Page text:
Christianity is a form of indigenous empowerment by virtue of vernacular translation.
Ethnic self-preservation, it turns out, has a champion in missionary translation projects.
-Lamin Sanneh, Summoned from the Marin, p.217
In my studies over the past year in the history of Christian expansion in Africa, one thing has been become mightily clear.
Want to transform a culture? What do you do? Preach the gospel? Build churches? Build hospitals and schools? Dig wells? Protect them from war? Those are all good things but each requires an incredible amount of outside energy to be pumped into the system. Hospitals need a steady stream of super-skilled staff and equipment. Schools need teachers. Missionaries need an infusion of cash from far away to stay.
But one thing is like a magnificent perpetual motion machine – the translation of scripture. Translate the bible into the local language, give it’s propagation a little jump start and then step back as it spins like a whirlwind, quite literally out of control! Christianity has spread due to it’s ability to adapt itself to local cultures and the chief way it has done this is through vernacular translation – not just of the raw text, but of indigenous ideas too.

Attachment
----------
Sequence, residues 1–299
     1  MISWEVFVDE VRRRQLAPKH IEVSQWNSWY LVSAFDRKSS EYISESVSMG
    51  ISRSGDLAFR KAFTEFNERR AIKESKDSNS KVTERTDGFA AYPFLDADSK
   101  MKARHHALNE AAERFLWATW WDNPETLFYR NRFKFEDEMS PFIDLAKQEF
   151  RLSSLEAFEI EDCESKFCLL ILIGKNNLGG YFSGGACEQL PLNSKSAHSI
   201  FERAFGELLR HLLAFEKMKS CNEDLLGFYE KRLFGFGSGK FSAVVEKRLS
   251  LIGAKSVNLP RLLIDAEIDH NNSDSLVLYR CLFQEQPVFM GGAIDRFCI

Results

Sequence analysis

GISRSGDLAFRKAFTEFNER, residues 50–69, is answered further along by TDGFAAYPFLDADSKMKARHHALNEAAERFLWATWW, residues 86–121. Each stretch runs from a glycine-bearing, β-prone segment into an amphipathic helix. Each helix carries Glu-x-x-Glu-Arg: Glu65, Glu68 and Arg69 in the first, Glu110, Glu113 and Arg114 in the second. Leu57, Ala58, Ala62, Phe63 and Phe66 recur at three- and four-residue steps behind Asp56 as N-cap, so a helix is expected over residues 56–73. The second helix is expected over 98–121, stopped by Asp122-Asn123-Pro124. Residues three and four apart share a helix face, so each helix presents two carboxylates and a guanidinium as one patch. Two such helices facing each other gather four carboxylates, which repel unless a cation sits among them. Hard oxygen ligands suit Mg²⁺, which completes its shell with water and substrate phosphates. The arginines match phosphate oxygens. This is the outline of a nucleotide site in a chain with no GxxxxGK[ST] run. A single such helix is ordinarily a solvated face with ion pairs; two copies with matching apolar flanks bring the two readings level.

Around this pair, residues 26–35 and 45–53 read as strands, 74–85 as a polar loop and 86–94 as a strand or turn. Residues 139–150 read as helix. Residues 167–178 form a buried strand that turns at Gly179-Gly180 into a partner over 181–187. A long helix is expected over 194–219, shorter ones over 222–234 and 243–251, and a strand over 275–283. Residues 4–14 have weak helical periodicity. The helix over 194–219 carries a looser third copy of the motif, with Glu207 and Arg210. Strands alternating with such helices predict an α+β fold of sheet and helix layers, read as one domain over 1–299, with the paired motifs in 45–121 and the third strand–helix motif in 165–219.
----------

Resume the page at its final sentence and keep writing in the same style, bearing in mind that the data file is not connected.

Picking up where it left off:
The gospel in the vernacular language is the great auto-reformer.
Some folks in the west get upset about the amount of syncretism that remains in these fresh new churches. Their theology is still a bit mixed up with some of their folk religion. I say: so what! I think it’s a small price to pay for the spread of the gospel of Jesus Christ AND I think that if we are patient, those things will largely work themselves out in a few generations. The bulk of western Christian literature and understanding didn’t happen overnight and it can’t be transferred to them overnight either. Some of it is probably non-transferable, and that is maybe a good thing. With immediate access to the whole Bible and with the Holy Spirit having immediate access to them, their growth and maturity will continue. Let us pray that it does, as well as our own – in great measure.